The issues on appeal concern whether the district court erred with respect to the following: first, its denial of the petitions for limitation of liability filed by the owners and operators of the QUEENY (Bankers Trust Company (Bankers Trust), Monsanto Company (Monsanto) and Keystone Shipping Co. (Keystone Shipping ) (collectively the QUEENY INTERESTS or Keystone)); and, secondly, its ruling that under the preemption doctrine, federal legislation precluded it from holding the owners and operators of either the CORINTHOS or BP/Sohio liable. We will reverse each of those holdings, 503 F.Supp. 337. We find that Keystone's management was not privy to the cause of the accident and that the district court was not preempted from considering the liability of the CORINTHOS and BP/Sohio. Moreover, we rule that the alternative finding of the trial court that the CORINTHOS was unseaworthy was in error.2



The parties have saturated us with thousands of pages of transcript, hundreds of exhibits, a plethora of expert testimony and extensive briefs. This inundation of evidence may have been necessary for the trial court to make proper findings, but a landlubber's analogy might be more appropriate to put this case in context.


Every novice automobile driver knows that, by the laws of physics, when one seeks to make a U-turn in a small area where the space is less than the circumference required for the full turning arc of the car, the turn can be successfully maneuvered only with a series of forward and backward motions. On a river, where the area is not wide enough for a turn in one maneuver, a 180 degree turning process is an even more complex maneuver. The "roadbed" of the ship moves with the momentum of the tide. Ships have no brakes which can keep an unanchored vessel at a permanent standstill so as to avoid drifting and possible collisions. Thus, even an experienced captain of a ship must rely on professional pilots whose function on the ship is to aid the captain in making intricate turns, maneuvers and docking. In nautical terminology, we say that the pilot conns3 the vessel. Tugs are also often used to assist him in this process.


The instant case arises because in the process of making a 180 degree turn on the Delaware River, the purportedly experienced pilot of the QUEENY who conned the vessel made tragic errors of judgment. He failed to back and fill4 enough and to use efficiently the tug that was assisting him in the turn.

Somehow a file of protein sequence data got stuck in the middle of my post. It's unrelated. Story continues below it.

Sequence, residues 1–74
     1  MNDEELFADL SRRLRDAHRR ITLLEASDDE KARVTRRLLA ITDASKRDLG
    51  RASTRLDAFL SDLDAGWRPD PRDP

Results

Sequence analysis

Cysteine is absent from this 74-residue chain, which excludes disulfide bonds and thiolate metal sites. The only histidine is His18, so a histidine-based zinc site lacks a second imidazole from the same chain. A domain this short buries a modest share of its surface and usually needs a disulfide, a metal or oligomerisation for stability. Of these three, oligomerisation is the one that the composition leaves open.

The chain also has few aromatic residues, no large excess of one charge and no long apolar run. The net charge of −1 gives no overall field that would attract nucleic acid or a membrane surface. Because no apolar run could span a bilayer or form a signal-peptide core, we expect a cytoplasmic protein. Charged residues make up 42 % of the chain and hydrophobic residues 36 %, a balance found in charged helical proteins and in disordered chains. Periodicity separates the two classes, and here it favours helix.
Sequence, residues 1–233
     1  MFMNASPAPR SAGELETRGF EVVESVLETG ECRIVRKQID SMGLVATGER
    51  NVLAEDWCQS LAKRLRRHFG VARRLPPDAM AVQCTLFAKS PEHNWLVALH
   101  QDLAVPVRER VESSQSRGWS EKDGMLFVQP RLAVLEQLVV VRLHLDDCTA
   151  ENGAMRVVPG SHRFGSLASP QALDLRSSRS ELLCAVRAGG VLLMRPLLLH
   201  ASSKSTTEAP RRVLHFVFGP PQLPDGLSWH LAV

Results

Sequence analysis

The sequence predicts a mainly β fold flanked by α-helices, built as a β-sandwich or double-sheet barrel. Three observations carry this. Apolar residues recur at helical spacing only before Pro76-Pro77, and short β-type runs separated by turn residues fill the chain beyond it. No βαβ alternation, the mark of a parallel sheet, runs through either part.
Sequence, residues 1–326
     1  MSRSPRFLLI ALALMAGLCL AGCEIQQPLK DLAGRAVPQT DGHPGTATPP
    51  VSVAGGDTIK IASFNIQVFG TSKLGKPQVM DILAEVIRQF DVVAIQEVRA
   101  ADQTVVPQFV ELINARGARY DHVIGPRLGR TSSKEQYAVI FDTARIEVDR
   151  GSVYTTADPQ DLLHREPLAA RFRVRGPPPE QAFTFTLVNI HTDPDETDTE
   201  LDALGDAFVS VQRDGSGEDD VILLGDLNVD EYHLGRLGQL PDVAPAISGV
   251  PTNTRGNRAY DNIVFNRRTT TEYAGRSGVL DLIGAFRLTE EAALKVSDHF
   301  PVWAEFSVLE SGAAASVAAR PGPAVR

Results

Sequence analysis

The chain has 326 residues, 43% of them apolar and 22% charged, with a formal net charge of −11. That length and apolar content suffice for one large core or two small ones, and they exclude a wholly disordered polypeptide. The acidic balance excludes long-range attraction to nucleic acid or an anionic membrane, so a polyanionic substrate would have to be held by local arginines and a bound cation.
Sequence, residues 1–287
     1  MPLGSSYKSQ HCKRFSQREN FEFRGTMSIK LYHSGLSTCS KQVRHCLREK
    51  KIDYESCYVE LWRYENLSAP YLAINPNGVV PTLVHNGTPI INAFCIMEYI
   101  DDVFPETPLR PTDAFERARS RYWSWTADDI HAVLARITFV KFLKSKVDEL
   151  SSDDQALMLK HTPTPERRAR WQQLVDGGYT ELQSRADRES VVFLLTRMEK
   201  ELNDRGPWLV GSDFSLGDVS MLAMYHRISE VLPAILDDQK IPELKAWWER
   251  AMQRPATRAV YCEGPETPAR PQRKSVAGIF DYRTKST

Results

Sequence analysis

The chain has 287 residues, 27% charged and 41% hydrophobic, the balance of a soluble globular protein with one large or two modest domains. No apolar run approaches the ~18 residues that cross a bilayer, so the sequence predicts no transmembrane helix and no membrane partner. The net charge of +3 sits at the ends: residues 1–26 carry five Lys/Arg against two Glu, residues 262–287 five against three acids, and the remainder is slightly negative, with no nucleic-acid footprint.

Clearly the collision was attributable primarily to the pilot's and the captain's negligence in executing the 180o turn. On this appeal, the parties have not questioned the trial court's finding that the collision was also caused in part by the failure of the owners to correct a purportedly defective astern guardian valve a vital component of the ship's engine mechanism. The question we must consider is whether the owners have privity or knowledge of this deficiency in the valve.



The QUEENY is a single screw, steam powered tank vessel of 19,046 gross tons. It is 660.2 feet in length, 90 feet in breadth, and powered by a 15,000 horsepower steam turbine. It was designed and built during the late 1960's as a multiproduct chemical tanker by the Bethlehem Steel Corporation (Bethlehem) for Monsanto and it was delivered to Keystone as an operator in September of 1970. Pursuant to a subcontract with Bethlehem, its turbine set and controls were supplied by the General Electric Company (GE). GE subcontracted with the William Powell Company (Powell) for the manufacture of a marine astern guardian valve a valve to be used in the turbine. As will be noted later, the functioning of this valve is of great importance in this litigation.